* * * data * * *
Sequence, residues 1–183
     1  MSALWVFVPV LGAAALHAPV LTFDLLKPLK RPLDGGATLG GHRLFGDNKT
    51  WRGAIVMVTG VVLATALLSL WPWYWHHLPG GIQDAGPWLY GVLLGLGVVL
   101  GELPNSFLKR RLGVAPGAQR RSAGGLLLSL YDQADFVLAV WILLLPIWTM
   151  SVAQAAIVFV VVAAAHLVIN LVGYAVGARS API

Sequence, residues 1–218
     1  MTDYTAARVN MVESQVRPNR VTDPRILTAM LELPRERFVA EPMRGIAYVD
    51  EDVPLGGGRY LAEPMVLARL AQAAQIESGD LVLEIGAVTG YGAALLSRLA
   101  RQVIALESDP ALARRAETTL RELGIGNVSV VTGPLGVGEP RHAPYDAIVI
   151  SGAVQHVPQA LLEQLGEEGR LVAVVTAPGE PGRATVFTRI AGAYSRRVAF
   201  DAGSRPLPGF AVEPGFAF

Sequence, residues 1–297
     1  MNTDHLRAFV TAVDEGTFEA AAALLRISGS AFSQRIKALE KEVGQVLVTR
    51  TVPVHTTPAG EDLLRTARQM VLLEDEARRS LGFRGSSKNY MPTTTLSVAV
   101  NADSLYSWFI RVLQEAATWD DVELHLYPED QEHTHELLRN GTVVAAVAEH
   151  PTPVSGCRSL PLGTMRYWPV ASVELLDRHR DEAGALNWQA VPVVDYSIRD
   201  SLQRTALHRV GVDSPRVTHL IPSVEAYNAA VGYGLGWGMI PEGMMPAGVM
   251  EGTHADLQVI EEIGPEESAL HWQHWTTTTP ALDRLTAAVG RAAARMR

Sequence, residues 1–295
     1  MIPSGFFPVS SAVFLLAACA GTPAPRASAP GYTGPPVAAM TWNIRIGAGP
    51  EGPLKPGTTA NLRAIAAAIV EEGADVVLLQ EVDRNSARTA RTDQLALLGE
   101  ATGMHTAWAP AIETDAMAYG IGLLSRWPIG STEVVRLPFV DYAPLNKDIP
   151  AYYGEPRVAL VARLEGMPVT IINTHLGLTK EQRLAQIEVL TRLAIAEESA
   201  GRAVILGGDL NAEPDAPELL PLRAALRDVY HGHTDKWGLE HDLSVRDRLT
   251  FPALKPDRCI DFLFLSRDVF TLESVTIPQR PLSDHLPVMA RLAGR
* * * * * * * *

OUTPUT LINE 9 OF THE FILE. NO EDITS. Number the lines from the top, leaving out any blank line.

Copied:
   101  RQVIALESDP ALARRAETTL RELGIGNVSV VTGPLGVGEP RHAPYDAIVI